Bobby ‘Blitz’ Ellsworth Reflects On Overkill’s Retirement Decision

Overkill’s Bobby Ellsworth shared his thoughts on the proper time for a musician to retire in his interview with Metal Remains. Blitz explained what he takes into consideration about continuing to perform, and how pride and ego take part in this:

“My meter is to be able to present myself at a high level. If I can’t do that, I won’t do that. But that’s pride too. But I think pride is necessary in this. I’m not a firm believer in the fact that I’m driven by ego, but you have to have a certain amount of ego in the makeup to be able to do this and to be able to wanna succeed at it.”

Then he told his opinion about the proper time for him to retire:

“So I think somewhere between pride and ego is retirement for me when they both wane or they both become less. I think I have both in balance in my life that I only use them when I’m standing on that stage.”

Bobby added that he doesn’t overthink the idea of retirement:

“So it’s not a disappointing kind of a thought to me. It’s just the next phase — it’s just whatever the next phase is.”

When the frontman was asked about musicians’ persistence to perform even when they aren’t physically compatible, he mentioned the ‘adaptability’ aspect:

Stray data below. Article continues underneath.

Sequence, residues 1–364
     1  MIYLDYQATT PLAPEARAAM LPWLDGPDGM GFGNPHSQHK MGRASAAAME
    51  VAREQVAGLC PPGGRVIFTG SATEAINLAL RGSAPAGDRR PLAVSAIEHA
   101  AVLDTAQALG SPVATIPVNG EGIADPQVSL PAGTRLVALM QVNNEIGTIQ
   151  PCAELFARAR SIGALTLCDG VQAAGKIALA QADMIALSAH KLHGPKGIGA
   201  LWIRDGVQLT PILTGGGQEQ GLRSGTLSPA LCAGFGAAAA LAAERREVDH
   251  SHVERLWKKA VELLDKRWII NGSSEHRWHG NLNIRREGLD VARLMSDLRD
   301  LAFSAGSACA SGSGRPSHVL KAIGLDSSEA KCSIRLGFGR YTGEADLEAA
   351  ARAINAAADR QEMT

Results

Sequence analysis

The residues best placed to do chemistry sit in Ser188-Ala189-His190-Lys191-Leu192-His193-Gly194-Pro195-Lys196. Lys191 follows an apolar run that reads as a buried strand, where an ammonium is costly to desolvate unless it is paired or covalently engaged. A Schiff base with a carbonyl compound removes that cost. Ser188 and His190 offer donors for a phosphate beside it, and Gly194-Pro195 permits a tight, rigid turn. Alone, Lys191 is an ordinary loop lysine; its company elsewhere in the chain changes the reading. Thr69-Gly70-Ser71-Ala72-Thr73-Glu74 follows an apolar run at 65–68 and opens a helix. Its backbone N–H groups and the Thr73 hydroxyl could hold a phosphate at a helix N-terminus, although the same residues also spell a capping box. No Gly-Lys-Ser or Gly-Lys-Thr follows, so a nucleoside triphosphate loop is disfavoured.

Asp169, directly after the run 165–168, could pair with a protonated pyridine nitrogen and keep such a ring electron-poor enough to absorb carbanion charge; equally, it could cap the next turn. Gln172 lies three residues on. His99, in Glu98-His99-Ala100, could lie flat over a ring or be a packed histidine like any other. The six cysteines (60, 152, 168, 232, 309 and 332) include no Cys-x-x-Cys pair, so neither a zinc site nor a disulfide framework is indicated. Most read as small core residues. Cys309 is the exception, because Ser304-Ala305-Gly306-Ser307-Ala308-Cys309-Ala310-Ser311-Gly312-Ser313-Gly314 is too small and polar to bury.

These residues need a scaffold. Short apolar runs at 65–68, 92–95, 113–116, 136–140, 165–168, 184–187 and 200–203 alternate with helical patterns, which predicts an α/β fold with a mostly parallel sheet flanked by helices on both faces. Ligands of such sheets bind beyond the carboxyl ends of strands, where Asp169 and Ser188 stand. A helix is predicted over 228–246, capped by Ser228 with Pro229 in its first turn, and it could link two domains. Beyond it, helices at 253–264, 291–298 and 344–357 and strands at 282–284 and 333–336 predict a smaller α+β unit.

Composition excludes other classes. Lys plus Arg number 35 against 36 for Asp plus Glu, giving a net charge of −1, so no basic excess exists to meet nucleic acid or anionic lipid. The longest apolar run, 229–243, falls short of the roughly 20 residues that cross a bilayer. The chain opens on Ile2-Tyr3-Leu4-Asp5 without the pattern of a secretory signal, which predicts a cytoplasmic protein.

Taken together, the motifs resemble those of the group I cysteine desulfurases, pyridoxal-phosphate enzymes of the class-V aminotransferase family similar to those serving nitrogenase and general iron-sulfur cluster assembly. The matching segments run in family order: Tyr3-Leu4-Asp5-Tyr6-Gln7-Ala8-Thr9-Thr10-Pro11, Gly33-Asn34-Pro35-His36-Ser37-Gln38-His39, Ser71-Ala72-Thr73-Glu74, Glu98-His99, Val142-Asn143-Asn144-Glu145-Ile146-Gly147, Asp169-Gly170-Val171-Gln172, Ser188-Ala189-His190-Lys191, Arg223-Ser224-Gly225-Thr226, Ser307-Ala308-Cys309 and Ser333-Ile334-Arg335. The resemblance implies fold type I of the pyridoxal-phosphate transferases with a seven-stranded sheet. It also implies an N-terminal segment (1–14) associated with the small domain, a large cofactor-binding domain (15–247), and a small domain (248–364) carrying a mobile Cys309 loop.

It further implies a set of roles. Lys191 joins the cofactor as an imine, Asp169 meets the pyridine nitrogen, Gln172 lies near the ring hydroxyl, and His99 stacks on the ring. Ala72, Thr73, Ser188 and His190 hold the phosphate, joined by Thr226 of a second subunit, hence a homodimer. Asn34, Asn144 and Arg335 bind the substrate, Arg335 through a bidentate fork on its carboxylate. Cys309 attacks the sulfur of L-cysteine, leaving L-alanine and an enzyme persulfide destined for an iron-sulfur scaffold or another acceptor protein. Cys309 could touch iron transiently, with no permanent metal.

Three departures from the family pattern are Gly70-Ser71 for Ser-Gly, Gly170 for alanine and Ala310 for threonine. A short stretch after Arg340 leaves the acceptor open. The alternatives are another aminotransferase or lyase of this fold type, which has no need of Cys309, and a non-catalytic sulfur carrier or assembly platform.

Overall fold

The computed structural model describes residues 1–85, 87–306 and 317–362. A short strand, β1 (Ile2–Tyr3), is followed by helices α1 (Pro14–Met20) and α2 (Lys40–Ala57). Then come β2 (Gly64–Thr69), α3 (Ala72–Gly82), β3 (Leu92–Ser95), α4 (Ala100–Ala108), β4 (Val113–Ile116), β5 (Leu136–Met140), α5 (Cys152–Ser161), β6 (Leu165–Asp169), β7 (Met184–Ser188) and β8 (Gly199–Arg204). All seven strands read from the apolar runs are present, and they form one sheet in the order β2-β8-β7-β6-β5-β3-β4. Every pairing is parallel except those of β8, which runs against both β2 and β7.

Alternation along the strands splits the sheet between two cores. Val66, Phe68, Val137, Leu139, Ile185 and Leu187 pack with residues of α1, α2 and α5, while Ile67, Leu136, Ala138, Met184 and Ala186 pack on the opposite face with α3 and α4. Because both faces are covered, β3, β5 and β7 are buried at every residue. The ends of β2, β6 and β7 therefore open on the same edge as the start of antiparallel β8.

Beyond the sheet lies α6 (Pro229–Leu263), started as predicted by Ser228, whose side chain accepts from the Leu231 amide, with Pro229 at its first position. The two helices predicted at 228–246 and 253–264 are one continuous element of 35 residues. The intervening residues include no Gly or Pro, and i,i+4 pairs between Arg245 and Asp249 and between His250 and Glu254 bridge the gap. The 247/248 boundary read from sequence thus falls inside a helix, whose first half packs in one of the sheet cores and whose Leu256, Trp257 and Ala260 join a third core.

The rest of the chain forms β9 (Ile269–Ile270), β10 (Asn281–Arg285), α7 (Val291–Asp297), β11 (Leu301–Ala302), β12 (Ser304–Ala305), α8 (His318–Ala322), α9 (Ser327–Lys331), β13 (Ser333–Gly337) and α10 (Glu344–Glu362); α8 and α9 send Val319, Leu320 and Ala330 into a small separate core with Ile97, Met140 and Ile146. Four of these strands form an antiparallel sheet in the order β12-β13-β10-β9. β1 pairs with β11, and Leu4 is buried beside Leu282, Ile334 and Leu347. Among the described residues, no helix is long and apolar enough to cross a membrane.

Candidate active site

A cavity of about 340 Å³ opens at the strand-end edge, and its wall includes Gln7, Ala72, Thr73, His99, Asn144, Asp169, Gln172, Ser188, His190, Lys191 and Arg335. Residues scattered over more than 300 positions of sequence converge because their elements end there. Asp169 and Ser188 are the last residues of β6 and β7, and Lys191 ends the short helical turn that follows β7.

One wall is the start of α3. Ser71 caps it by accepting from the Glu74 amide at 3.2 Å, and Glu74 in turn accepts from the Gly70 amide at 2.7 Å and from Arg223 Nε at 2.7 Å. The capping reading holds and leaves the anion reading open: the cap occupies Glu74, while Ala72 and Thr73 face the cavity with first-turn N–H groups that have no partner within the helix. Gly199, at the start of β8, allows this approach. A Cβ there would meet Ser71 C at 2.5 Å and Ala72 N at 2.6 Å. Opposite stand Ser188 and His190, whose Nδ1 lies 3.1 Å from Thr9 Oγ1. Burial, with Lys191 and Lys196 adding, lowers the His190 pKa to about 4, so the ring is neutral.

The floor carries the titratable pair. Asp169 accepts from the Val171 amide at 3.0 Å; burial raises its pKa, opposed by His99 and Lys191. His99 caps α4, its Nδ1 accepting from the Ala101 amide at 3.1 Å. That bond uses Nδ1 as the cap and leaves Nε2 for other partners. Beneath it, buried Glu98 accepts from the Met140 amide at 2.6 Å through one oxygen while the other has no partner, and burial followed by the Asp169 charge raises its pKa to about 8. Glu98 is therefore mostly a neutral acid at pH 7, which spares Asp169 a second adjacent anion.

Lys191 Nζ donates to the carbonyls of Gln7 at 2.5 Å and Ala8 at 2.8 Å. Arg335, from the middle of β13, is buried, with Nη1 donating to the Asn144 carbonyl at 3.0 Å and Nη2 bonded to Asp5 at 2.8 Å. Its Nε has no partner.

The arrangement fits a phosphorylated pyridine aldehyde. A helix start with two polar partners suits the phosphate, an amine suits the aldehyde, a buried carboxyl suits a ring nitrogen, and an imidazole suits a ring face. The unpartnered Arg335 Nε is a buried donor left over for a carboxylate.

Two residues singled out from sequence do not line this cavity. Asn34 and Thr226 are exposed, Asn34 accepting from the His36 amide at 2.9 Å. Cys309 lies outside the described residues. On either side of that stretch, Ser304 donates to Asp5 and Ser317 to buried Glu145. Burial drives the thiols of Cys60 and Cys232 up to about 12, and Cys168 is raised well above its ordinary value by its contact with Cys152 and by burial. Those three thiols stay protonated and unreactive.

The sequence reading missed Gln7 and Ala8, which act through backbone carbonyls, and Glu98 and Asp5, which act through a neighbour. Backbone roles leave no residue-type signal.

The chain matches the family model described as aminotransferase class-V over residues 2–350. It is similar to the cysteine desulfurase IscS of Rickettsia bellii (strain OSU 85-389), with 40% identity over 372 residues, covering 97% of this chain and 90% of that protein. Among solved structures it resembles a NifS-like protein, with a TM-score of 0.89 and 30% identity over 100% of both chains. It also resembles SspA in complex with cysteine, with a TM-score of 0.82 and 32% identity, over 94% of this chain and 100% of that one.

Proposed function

“I tend to agree with you. But there’s adaptability along the way too. The Bobby Blitz, D.D. Verni of the Overkill of 1990 for sure is much different than the Overkill in 2023. We still have the same principles but we have adapted to that change of approximately 33 years.”

He later continued by giving examples about his own experiences while performing:

“I can’t walk on those monitors like I did and tiptoe on them and jump into the audience upside down like I used to without expecting to break my back. But, that being said, I still can release records with Dave Linsk, Derek Tailer, Jason Bittner and D.D. Verni that have the power of ‘Scorched’.

Ellsworth then said how ‘adaptability’ has an effect on ‘retirement’:

“So if that’s the adaptability to what the current day is, it’s still about what we are, not what we were. So I think that gives retirement a little pushback away from the present-day conversation.”

Overkill was first formed in 1980 and since then, they released twenty studio albums, an album of cover songs, two EPs, one demo tape and three live albums. Their latest album ‘Scorched’ came out in April, and marked the 20th album of the thrash metal band.

You can watch the whole interview here.